Continuing from the first part of the series, we bring you the next five highlights of Obamacare that have had a major impact. If you haven’t read the first part of our series, click here .
From late November to December 2013, a lot happened on the Obamacare front. There have been several improvements and fixes, but the administration is still struggling with a variety of errors and problems. We bring you the highlights six through ten that were the talk of Americans, administration, and health insurance industry experts from the last quarter in 2013.
6. Tech Surge – The name given to the administration’s technical error eradication spree, the ‘tech surge’ involved reworking/fixing backend functionality, bugs, system availability and more. The tech surge brought relief to the administration by resolving a lot of technical errors and improving system availability to healthcare.gov. The tech surge was handled by some of the top software industry stalwarts and served its purpose while battling criticism.
7. Canceled policies – Among all the confusion and a failing marketplace, the canceled policies mess was another nail in the coffin. Despite President Obama’s reassurances to the contrary, the month of November brought cancelation notices to people whose current, in force policies did not meet the standards set by ACA. The administration offered to let people keep their canceled policies, but the state regulatory authorities and health plans did not meet this suggestion with enthusiasm. While a mandate was issued in the last week of December, the response was not all that great.
8. Website Bug Fixes – Due to the tech surge and constant effort by the administration, the website saw major improvement in this period. The majority of bugs were gone, the site was easier to navigate and people could actually enroll in the system. By the end of November, the enrollment numbers were about 137,000, still way off the mark. However, after all the effort, the website isn’t completely fixed, and there is still a lot of room for improvement. For instance, the back-end error rate is still quite high, substantial enough to cause a major gap in the information available with health plans and administration. Although the government is planning to implement a data reconciliation activity that will resolve these issues, it is still in the pipeline. In the months to come, it is expected that the remaining marketplace bugs will be fully weeded out.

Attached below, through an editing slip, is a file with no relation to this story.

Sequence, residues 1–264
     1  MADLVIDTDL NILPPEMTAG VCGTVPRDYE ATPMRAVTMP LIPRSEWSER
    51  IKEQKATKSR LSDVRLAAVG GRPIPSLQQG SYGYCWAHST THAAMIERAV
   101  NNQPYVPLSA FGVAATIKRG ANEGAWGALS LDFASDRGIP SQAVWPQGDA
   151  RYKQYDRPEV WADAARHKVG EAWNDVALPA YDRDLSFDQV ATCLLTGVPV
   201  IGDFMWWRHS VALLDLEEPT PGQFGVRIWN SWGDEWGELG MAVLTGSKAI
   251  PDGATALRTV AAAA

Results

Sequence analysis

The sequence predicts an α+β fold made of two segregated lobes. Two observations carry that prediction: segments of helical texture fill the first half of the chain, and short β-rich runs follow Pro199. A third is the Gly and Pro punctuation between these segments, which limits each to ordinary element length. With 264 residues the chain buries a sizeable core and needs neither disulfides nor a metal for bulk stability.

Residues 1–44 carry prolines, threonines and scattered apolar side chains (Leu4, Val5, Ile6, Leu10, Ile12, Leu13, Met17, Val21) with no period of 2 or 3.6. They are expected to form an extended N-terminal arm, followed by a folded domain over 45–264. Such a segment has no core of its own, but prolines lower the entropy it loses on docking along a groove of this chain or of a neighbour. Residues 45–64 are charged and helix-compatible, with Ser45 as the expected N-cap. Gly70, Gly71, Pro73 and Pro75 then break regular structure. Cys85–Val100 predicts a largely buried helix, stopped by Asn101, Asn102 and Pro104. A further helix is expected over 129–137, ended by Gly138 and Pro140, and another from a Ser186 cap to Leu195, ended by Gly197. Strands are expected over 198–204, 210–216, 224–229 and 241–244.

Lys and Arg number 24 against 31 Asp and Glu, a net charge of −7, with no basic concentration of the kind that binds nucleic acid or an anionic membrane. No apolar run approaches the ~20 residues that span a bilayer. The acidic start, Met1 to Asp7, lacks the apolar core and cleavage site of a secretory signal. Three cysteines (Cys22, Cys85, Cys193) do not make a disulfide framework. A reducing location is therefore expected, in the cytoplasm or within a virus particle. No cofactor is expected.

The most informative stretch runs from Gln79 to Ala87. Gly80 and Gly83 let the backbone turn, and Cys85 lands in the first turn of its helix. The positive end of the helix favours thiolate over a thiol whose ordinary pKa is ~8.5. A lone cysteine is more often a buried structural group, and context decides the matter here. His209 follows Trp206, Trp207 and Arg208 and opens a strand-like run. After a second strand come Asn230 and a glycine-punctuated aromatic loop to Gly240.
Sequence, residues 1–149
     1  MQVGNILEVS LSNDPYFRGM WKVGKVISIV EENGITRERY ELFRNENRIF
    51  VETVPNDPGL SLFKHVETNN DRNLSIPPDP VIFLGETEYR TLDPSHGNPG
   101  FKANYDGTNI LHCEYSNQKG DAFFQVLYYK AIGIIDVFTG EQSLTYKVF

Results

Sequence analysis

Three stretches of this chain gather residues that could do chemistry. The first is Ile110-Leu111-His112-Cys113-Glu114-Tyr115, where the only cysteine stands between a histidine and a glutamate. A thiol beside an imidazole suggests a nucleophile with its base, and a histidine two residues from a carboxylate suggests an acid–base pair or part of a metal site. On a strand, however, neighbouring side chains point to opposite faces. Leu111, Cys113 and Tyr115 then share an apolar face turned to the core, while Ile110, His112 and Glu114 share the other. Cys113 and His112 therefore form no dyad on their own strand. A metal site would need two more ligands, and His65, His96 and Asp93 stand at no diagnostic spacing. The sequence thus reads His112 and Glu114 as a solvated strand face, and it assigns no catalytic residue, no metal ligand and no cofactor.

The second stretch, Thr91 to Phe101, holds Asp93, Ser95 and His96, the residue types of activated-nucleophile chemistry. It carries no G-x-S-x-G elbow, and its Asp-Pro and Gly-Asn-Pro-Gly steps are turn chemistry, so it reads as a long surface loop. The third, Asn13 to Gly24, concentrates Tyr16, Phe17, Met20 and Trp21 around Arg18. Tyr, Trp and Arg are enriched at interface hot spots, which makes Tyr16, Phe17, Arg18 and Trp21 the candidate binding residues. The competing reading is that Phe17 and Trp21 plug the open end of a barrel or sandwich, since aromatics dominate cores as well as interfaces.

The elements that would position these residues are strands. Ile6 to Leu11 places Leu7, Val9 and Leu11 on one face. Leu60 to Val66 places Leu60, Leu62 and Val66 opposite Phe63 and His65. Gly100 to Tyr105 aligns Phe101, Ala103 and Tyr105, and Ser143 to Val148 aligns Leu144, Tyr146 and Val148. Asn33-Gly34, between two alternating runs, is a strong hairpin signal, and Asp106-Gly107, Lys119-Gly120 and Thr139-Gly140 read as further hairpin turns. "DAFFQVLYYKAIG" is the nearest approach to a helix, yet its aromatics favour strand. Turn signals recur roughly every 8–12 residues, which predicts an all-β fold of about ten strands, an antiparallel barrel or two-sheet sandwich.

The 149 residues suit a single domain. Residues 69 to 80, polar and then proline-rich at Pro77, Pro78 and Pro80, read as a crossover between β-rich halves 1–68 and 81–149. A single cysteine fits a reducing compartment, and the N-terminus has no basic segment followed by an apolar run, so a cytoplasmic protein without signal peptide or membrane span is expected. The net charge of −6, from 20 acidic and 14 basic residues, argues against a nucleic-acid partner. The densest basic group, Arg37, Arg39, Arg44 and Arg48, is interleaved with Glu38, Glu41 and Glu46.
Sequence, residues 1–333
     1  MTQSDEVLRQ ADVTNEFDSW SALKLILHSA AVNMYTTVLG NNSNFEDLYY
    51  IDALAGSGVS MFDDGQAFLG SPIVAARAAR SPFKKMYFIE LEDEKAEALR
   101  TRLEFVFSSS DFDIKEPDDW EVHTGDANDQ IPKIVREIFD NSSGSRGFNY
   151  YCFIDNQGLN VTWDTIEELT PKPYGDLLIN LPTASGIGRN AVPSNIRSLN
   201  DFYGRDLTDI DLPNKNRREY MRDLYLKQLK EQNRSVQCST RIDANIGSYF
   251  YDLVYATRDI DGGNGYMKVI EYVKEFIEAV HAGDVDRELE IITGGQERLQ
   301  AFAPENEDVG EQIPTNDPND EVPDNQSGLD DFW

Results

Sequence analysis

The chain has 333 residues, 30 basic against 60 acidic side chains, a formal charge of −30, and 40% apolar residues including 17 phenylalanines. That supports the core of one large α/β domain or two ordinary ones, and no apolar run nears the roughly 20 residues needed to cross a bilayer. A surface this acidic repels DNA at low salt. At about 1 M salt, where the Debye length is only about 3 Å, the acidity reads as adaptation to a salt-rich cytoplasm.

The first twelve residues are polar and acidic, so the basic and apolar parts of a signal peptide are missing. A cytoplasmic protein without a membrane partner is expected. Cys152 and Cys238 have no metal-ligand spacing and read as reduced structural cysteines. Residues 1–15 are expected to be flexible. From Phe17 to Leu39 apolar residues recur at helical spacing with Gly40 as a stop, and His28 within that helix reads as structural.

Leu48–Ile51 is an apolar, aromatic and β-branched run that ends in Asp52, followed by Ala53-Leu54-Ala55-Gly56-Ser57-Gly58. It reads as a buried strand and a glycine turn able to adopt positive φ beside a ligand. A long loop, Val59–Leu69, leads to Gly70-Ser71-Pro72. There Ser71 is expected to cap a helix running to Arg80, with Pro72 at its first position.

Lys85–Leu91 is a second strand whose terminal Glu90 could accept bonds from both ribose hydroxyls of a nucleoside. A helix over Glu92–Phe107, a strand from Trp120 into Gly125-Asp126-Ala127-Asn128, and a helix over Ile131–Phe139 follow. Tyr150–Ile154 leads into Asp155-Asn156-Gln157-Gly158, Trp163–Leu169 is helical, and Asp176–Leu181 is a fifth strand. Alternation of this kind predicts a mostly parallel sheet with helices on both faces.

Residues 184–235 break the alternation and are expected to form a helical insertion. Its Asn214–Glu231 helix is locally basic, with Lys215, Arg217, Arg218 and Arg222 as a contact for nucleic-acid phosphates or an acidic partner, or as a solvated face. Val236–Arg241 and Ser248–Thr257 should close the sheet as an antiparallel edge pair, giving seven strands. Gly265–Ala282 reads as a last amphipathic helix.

9. Better Enrollments – With everything happening around the Federally Facilitated Marketplace, it is evident that the enrollment numbers did improve. While improvements were substantial, the gap in expected enrollment numbers spoiled the celebration. Enrollments did pick up in December with over 975,000 enrolling – bringing enrollment to over 1.1 million.
10. Mandate Changes – In this period, there have been a couple of major mandate changes, which are going to have a lasting impact on the implementation of health reform in 2014. For instance, to tackle the canceled policies mess, the administration has released two sets of mandates. One of these allows people with canceled policies to be exempt from the individual mandate and the tax penalties they attract, should they be uncovered. At the same time, you are eligible for a Catastrophic Plan that has a high deductible. On the other hand, if you did not get a cancellation notice in this period, no special measures are applicable for you. Needless to say, the impact of these mandate changes will play out to its full potential in 2014.
The period after October 1 is having a major impact on the way PPACA health reform is shaping the health insurance industry. The first quarter of 2014 will consolidate all these changes and define the future of Obamacare and its health insurance marketplaces. Are you ready?